On the other hand, forms of individual sacredness exist that do depend on specific types of personality structures and the calling to a particular religious vocation. Persons such as shamans fall into this category. Shamans are recruited from among young persons who tend to exhibit particular psychological traits that indicate their openness to a more profound and complex world of sacred meanings than is available to the society at large. Once chosen, shamans undergo a special shamanistic initiation and are taught by older shamans the peculiar forms of healing and behavior that identify their sacred work. Given the nature of their sacred work, they must undergo long periods of training before they are capable practitioners of the sacred and healing arts. The same is true of medicine men and diviners, although these often inherit their status.

Each person in a primitive society may also bear an ordinary form of sacred meaning. Such meaning can be discerned in the elements of the person's psychological structure. For example, among the Ashanti of Ghana, an individual's blood is said to be derived from the goddess of the earth through that individual's mother, an individual's destiny from the high-god, and personality and temperament from the tutelary deity of the individual's father. On the cosmological level of myths and rituals all of these divine forms have a primordial meaning that acquires individual and existential significance when it is expressed in persons.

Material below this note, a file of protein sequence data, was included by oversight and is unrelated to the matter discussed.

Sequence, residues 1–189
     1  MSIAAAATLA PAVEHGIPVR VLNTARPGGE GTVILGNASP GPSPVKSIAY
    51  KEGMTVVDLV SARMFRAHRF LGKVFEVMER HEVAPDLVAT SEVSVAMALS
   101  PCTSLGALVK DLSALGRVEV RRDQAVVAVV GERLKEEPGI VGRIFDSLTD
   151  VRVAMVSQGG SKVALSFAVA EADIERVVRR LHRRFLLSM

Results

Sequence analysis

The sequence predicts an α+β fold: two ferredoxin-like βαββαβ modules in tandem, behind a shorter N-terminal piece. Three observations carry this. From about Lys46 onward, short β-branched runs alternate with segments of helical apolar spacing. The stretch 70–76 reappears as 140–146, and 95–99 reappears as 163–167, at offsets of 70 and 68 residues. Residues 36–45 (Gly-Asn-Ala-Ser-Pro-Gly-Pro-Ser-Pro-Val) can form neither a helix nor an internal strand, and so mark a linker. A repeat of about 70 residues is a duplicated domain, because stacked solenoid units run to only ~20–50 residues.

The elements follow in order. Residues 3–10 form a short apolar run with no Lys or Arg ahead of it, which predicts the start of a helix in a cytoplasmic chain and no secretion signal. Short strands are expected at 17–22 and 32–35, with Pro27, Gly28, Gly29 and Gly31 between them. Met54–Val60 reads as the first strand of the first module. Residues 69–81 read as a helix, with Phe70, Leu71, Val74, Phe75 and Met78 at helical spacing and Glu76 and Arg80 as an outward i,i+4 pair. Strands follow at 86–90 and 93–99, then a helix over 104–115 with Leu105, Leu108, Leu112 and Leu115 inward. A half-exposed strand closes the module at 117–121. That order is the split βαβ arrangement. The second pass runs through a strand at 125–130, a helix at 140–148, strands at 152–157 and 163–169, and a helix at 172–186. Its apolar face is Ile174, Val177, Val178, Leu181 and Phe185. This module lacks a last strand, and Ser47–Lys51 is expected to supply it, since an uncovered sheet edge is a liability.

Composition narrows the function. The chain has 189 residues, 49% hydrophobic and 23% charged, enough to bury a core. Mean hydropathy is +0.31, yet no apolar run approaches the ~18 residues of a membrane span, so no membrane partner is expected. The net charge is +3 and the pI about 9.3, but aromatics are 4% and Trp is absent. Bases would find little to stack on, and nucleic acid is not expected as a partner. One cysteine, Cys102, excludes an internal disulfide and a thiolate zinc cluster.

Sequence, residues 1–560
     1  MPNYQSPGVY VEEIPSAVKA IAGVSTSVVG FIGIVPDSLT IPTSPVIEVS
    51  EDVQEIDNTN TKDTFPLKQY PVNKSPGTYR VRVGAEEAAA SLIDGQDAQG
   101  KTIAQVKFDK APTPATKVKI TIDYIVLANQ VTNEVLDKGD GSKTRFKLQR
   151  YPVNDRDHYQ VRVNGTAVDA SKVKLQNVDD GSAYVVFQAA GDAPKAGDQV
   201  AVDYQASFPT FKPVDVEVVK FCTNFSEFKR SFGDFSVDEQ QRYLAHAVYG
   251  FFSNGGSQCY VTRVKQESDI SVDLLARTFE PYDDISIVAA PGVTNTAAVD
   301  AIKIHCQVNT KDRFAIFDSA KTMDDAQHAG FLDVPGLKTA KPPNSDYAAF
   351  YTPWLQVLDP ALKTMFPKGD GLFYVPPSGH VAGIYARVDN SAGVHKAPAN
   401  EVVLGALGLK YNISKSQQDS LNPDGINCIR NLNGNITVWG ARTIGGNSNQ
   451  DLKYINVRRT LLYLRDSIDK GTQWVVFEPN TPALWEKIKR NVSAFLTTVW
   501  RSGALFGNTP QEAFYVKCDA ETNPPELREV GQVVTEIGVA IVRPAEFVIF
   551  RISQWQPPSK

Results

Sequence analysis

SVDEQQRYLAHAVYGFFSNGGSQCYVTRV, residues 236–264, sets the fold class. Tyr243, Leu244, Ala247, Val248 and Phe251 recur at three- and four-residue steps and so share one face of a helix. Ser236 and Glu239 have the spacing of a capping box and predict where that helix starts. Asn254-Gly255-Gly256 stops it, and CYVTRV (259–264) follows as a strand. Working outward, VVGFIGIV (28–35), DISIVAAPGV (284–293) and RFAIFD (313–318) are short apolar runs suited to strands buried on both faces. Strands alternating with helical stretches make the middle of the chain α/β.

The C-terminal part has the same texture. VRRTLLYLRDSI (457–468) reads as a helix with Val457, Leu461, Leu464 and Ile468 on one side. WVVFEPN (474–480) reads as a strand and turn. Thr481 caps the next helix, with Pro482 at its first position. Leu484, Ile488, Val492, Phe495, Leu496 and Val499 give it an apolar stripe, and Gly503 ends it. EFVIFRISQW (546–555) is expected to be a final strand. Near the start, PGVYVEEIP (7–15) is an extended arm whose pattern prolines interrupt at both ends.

Underlying all the forms, functions, rituals, personages, and symbols in primitive religion is the distinction between the sacred and the profane. The sacred defines the world of reality, which is the basis for all meaningful forms and behaviors in the society. The profane is the opposite of the sacred. Although it has a mode of existence and a quasi-reality, reality is not based on a divine model, nor does it serve as an ordering principle for activities or meanings. For example, the manner in which a primitive village is laid out in space imitates a divine model and thus participates in sacred reality. The space outside of the organized space of the village is considered profane space, because it is not ordered and therefore does not participate in the meaning imparted by the divine model.

This characteristic distinction between the sacred and the profane is present at almost every level of primitive society. The tendency to perceive reality in the terms provided by the sacred marks a fundamental difference between primitive and modern Western societies, where this distinction has been destroyed. The openness to the world as a sacred reality is probably the most pervasive and common meaning in all forms of primitive religion and is present in definitions of time, space, behaviors, and activities.